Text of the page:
ISO 1000 & above {new SnapShop lesson}


ISO1000This weekend I published a new lesson in the SnapShop site: ISO 1000 & Above {examples of the process}

I thought I would share an excerpt from the lesson with a few of the photo examples and their settings here today.

In general the lowest ISO setting you can use, the better. As you increase your ISO, you increase the grain in your photos and often the colors become dull. Every camera handles ISO differently, but the goal of a low ISO is typically across the board. However, using a high ISO does not mean you automatically have a less than ideal shot. There are plenty of times that the ability to increase your ISO results in capturing a photo that you will treasure.

Below are several photos that I used an ISO of 1000 or higher. Using a high ISO is not limited to only indoor settings without natural light. Sometimes bumping your ISO outside in good light allows you to get the shot you want.

50mm, ISO 3200, 1/100, f/2.0


50mm, ISO 2000, 1/125, f/1.8

highISO-0350mm, ISO 2000, 1/160, f/2.0


85mm, ISO 1000, 1/100, f/1.8


50mm, ISO 1000, 1/320, f/2.8


24mm, ISO 1250, 1/60, f/14


35mm, ISO 2000, 1/60, f/1.4


34mm, ISO 1600, 1/50, f/2.8


Since we often hear to avoid high ISO settings, many quickly jump to turn on their flash. Before defaulting to your flash, I would take a moment to consider what will help you best communicate your story: would more bright light help or would a high ISO? Knowing the goal of your photo will help you determine when to use a high ISO and when to use a flash.

In the SnapShop lesson, I walk through each setting and why I chose it for each photo. In addition to these photos, I also share several other favorites using high ISO settings. For more information on my photography courses (SnapShop) and how to register you can click below. I add new lessons each month on a variety of photography related topics.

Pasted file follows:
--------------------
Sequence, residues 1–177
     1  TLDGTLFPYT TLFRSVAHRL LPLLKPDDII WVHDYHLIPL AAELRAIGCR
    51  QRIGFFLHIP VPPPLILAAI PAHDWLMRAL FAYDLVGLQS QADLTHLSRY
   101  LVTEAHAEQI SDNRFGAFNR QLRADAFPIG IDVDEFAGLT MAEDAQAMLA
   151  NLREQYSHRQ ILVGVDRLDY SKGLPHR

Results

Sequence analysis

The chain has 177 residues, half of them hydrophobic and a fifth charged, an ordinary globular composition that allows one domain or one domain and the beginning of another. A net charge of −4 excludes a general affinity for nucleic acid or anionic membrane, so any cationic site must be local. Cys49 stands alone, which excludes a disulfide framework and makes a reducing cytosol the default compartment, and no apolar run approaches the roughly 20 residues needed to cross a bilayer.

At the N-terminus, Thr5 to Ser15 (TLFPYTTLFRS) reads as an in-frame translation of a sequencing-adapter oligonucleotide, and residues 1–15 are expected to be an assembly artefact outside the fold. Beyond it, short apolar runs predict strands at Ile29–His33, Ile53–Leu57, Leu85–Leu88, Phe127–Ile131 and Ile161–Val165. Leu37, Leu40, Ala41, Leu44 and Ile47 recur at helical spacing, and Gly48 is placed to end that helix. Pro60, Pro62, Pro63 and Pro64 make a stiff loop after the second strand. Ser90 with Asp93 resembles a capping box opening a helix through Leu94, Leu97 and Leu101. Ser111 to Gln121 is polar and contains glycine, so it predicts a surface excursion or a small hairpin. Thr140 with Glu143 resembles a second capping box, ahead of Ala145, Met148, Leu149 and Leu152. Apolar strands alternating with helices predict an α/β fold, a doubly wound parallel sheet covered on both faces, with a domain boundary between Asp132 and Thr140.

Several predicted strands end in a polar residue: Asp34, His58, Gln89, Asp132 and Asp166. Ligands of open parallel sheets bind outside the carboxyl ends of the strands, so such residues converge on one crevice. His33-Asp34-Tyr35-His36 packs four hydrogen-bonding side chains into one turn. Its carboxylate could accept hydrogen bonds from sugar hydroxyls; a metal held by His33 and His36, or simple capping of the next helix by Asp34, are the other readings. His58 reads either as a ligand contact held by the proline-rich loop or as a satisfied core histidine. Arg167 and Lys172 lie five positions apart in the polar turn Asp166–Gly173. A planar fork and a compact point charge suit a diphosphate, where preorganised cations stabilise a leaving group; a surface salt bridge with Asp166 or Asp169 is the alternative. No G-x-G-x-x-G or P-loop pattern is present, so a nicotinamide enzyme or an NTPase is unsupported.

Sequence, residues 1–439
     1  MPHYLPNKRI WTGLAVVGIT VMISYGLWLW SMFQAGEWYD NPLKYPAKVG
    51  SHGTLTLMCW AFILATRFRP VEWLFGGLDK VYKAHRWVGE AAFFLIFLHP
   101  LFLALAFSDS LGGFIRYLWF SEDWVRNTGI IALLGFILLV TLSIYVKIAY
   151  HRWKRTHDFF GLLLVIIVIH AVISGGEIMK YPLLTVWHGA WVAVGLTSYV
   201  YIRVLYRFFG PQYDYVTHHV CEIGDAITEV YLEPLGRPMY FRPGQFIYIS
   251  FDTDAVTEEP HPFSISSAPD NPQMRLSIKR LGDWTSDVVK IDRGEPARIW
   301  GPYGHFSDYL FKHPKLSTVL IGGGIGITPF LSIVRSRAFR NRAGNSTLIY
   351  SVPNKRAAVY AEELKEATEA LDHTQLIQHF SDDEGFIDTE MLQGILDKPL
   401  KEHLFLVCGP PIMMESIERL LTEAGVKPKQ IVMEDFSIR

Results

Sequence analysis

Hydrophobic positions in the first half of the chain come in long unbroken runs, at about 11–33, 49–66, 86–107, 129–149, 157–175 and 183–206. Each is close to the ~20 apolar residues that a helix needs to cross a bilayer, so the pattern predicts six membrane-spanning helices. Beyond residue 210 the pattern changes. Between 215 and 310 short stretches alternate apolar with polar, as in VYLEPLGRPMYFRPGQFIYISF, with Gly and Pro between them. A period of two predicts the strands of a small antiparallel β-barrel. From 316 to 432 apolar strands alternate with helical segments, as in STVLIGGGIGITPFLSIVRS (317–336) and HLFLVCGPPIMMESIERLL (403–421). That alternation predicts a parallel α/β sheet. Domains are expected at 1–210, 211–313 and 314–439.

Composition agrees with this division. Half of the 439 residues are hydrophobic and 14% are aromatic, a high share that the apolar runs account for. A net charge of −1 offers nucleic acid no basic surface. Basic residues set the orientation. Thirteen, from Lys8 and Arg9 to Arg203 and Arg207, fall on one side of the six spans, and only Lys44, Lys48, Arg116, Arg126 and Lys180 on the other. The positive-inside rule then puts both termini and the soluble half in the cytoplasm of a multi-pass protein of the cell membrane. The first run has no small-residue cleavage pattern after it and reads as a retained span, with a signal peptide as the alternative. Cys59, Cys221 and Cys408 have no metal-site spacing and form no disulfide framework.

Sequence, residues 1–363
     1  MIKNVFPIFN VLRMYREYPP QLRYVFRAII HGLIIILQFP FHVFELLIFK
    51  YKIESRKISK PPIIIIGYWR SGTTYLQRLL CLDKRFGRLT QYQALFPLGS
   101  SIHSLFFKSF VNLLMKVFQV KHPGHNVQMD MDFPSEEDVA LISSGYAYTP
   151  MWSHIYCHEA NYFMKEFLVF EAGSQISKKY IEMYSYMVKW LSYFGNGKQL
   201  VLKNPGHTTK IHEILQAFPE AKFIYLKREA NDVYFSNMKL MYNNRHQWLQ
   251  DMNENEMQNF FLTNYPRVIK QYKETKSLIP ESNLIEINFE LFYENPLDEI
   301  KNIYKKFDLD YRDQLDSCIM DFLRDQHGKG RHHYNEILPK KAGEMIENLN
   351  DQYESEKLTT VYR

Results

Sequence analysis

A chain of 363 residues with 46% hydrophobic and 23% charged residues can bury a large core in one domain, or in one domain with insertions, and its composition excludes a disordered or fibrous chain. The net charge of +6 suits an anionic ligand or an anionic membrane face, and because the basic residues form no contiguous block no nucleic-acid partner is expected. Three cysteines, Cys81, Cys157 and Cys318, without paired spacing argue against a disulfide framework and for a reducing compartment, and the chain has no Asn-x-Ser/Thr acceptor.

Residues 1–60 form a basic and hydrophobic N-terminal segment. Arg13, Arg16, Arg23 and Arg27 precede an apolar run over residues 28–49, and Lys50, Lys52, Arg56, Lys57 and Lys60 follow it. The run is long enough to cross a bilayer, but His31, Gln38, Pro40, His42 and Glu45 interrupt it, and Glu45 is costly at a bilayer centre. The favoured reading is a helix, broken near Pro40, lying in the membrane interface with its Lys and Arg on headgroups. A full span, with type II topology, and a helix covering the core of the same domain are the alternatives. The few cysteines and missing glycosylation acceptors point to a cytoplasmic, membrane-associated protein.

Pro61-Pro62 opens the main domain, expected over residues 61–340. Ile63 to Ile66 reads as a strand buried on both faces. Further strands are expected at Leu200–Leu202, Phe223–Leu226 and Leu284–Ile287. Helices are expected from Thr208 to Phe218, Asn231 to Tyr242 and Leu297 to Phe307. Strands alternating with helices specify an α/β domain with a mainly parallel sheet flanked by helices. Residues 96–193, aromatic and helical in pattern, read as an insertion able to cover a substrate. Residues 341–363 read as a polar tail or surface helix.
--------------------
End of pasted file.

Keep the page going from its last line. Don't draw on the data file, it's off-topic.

You can use the code HIGHISO today and tomorrow for $10.00 your registration.

The code expires at midnight CST 3.1.16.


For current SnapShop Members, be sure to visit the site to access the new lesson!


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  • Oceana | Barefoot Beach Blonde - Great examples, I think that even a bit of grain is often better than the blow out that comes with most camera’s flash settings! I’m curious, are you a RAW shooter? Or do you shoot only JPEG?

  • jenw - I’m not a camera girl…but that last photo with LO blowing out the candles just really got to me. Boy 1 & 3 are clearly watching the candles. Girl 1 seems to be watching Daddy. And Chris…Chris is just watching his youngest with such an expression on his face. You ought to print that one out on canvas! It’s a keeper for sure!

  • Meg - I love this tip! I am excited to try it out. I bet this would be great around the campfire!

  • Jenny - Love this post! After having a couple of my favorite lenses stolen, I haven’t gotten back out with my camera for a while. It’s time I do, and this post was just the inspiration I needed. I couldn’t love your photography more.

  • Tammy - What jenw said. That picture took my breath away…the expression on Chris’s face brought tears to my eyes and joy to my heart.

  • AshleyAnn - Oceana – I shoot jpeg. I really think RAW is only necessary if you are going to do a lot of editing. I don’t have time or interest in doing tons of editing. Jpeg is smaller file size too, so it works for me. I do shoot RAW for certain things – really difficult light in a never happen again moment (for example: capturing a baby being born in a dark hospital room).

  • Oceana | Barefoot Beach Blonde - Thanks for your response Ashely. Yes I only started shooting RAW recently but I’ve become a little addicted to it! I think it might be time to get back to JPEG for a change 🙂 Thanks for your tips!

  • Jenny B. - Loved this lesson! The majority of my shots are high ISO since I’m always taking pictures inside my house. The ability to use high ISO without getting a lot of grain is the main reason I bought my Canon 6D. 🙂 I’ve been shooting RAW for quite a while, and I edit (in Adobe Camera Raw) every picture I plan to print. I appreciate being able to fine tune the photos, especially for white balance. The files are HUGE, though, and I’m considering going back to jpg since my hard drive is FULL. 🙂